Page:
Feed The Pile marks the Austin band’s first release as a four piece, with guitarist Max Prudhomme and bassist John “Hutch” Hutchinson joining founding members Will Grover and Ronnie Sokol. The tracking for the latest EP was done live to 1/2" tape in the band’s living room over the course of a week in early 2018, with band member John Hutchinson stepping into the producer role. The band says this recording process gave them full creative control, adding “We wanted the limitations and ‘vibe’ of analog recording to accurately convey the energy of the music, and we learned a lot in the process.”

Get your first listen of the four-track EP below, and keep up with Chromagnus on Facebook + Instagram.


Austin- make sure you don’t miss the band’s EP release show tomorrow at Hotel Vegas, presented by Howdy Gals- details here.

PREMIERE: "We're All Gunna Die" by Waltzer

Photos courtesy of Waltzer

Photos courtesy of Waltzer

Today we’re giving you the first listen to the new single “We’re All Gunna Die” by Waltzer, the brainchild of singer-songwriter and recent Chicago transplant Sophie Sputnik.

The well-traveled track was written when Sputnik lived in Florida and recorded with Felix Fung at Little Red Sounds studio in Vancouver. Now, it’s finally getting its release in Chicago. “I like to think this song reminds me of Little Shop of Horrors, but instead [it stars] Roy Orbison and The Supremes,” Sputnik says, describing the existential crisis-inspired song.  “It's a pretty dramatic show-tune, but it leaves room for sarcasm. There's no doubt I've had some long nights obsessing over my mortality and the next morning dealing with my emotional hang over,” she adds.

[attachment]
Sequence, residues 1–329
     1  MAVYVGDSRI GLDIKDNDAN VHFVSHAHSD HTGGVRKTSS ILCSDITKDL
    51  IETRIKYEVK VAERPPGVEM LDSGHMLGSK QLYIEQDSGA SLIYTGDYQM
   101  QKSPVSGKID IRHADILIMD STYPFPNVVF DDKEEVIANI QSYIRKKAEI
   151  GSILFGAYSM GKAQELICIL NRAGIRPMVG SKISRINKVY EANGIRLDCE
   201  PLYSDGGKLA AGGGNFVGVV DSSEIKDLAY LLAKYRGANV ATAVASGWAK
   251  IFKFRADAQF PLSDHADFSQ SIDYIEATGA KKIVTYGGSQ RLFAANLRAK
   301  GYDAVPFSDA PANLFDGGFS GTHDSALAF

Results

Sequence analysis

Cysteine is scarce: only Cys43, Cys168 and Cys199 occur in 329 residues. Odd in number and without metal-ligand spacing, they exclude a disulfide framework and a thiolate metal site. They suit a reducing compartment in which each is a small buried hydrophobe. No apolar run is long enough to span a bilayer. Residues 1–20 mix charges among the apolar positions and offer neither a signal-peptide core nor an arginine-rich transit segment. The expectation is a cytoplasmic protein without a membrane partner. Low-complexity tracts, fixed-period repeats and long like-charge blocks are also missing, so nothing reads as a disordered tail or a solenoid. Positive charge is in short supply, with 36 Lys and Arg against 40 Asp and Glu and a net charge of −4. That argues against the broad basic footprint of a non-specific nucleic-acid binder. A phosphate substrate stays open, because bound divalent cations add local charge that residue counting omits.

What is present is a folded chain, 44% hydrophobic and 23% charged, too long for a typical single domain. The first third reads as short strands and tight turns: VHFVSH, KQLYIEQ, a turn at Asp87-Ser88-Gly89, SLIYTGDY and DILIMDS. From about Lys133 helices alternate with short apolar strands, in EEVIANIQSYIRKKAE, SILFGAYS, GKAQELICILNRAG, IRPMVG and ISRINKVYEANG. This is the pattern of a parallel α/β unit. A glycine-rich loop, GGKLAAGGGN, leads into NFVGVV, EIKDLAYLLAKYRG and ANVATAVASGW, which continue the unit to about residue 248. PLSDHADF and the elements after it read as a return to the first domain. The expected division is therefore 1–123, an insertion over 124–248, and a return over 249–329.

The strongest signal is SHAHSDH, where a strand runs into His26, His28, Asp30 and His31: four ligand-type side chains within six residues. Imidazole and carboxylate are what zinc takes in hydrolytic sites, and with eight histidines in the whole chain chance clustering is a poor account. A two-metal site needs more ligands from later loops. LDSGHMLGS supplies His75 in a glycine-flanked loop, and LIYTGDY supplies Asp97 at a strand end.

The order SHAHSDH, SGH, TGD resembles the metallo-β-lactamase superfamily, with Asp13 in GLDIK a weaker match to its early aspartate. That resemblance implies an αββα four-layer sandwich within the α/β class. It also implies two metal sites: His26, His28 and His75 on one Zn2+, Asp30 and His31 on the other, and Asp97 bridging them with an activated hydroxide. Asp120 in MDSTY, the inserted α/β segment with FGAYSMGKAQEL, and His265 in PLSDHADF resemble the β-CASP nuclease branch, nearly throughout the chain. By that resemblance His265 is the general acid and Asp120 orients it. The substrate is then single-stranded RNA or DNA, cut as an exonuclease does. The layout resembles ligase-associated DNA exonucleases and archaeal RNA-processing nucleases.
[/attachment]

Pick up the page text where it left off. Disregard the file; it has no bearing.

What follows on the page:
Reminiscing on the recording process, Sputnik says, “We used an electro-voice re15 mic, a lot of reverb and compression for the vocals, the drum machine on an old Lowery Orchestral Holiday organ, and my buddy Rob (Fuzzbaby Records) as the Zombie Elvis voice in the end. Recording this song was one of the best last minute decisions I've ever made, and I've made a lot of those.”

To follow up this first release of 2019, Sputnik says she’s already working on new material. “I'm currently in the process of recording more songs with Chris Kulwin, who does about a million incredible things (Rookie, Luke Henry, and The Trinity Irish Dance Company) as the producer in his studio, The Workshop.”



Now that you know the backstory, take a listen to “We’re All Gunna Die” below! You can also catch Waltzer live at Burlington Bar on February 22nd with Elk Walking, Aunt Kelly, and Captain UFO.

Flyer for Waltzer’s Chicago Debut Show

Flyer for Waltzer’s Chicago Debut Show


Keep up with Waltzer on Facebook & Instagram

 

PREMIERE: "Something Teenage" Video by Dream Version